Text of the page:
All About Richland

The Art Of Safe Winter Walking

9 Jan , 2018  

Walking in winter weather, including snow and ice, is something that people either have to do or like to do. But as Richland Public Health recently shared, be aware of the unique safety hazards associated with winter weather while “walking in a winter wonderland.”

In Ohio in 2016, driving in snow or freezing rain caused 13,5894 crashes that included 26 fatalities and 3,623 injuries. 140 pedestrians were killed in traffic crashes that year although not all were weather-related.

“Weather can play a major role in crashes whether you are walking or driving,” said Reed Richmond, Senior Driver Instructor for AARP and a Health Educator at Richland Public Health. “Make sure you know the hazards before venturing out.”

To ensure your safety, experts advise winter walkers to remember the following tips:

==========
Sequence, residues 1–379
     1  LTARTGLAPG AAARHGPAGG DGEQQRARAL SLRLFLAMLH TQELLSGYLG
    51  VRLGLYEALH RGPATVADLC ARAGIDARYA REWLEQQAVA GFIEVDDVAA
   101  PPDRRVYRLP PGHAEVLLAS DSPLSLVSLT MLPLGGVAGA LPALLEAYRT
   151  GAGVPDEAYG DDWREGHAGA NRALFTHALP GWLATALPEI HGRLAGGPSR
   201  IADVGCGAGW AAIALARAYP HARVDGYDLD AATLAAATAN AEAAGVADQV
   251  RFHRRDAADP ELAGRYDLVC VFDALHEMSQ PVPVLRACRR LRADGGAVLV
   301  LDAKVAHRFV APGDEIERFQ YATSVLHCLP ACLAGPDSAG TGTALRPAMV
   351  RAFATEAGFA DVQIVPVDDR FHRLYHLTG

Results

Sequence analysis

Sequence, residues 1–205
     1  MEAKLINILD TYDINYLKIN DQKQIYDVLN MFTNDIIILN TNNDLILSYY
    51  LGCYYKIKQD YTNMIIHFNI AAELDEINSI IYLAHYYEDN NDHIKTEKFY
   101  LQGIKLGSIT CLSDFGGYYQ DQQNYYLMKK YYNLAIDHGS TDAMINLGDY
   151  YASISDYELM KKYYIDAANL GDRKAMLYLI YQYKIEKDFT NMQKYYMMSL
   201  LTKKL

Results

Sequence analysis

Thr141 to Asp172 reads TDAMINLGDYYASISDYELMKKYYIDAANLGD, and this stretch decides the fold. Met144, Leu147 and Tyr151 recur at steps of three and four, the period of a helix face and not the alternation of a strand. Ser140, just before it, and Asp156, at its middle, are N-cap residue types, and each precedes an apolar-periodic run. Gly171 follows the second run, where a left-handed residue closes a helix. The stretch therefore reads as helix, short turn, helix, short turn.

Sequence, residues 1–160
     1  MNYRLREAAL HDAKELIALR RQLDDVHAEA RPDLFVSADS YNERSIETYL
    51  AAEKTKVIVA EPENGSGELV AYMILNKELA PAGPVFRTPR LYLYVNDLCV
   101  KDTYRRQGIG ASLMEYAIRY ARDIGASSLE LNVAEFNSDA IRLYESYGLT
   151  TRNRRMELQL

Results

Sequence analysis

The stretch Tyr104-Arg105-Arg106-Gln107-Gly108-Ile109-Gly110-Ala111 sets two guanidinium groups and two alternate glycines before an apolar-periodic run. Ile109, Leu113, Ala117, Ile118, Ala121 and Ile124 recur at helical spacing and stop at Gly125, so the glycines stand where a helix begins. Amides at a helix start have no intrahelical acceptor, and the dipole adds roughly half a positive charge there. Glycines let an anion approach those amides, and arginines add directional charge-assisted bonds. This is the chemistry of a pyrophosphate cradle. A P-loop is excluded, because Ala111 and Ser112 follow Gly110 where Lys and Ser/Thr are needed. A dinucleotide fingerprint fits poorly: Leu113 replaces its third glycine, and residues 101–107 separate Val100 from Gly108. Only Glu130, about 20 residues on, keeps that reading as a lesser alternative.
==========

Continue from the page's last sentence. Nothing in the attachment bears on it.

If the sidewalks and walkways are impassable and you have to walk in the street, walk against traffic and as close to the curb as you can.

Proper gear is a must, but wearing dark “winter” colors can make it hard for motorists to see you, especially if they aren’t expecting you. Consider wearing a brightly-colored scarf or hat, or reflective gear, especially if you have to walk in the street. And don’t forget gloves, and shoes or boots with non-slip soles.

Snow that has accumulated into drifts can muffle the sounds of approaching motor vehicles. Wearing hats and scarves that cover your ears can also distort or even eliminate these sounds. Keep warm, but make sure you can hear what’s going on around you.

If you can, shop before the storm hits. If you have to shop, don’t buy more than you can easily carry. Remember – the streets may be slippery and carrying heavy packages can impair your balance.

When traveling with babies or small children, make sure they are dressed in brightly colored or reflective clothing. If you have to push a stroller or walk in the street, the child should be in front of you and as close to the curb as possible.

Because of road conditions, motorists may not be able to stop at traffic signals or slow down for pedestrians. Before you step off the curb into the street, make sure that any approaching vehicles have come to a complete stop.

Bending your knees a little, and taking slower steps can greatly reduce your chances of falling.

Source: Richland Public Health

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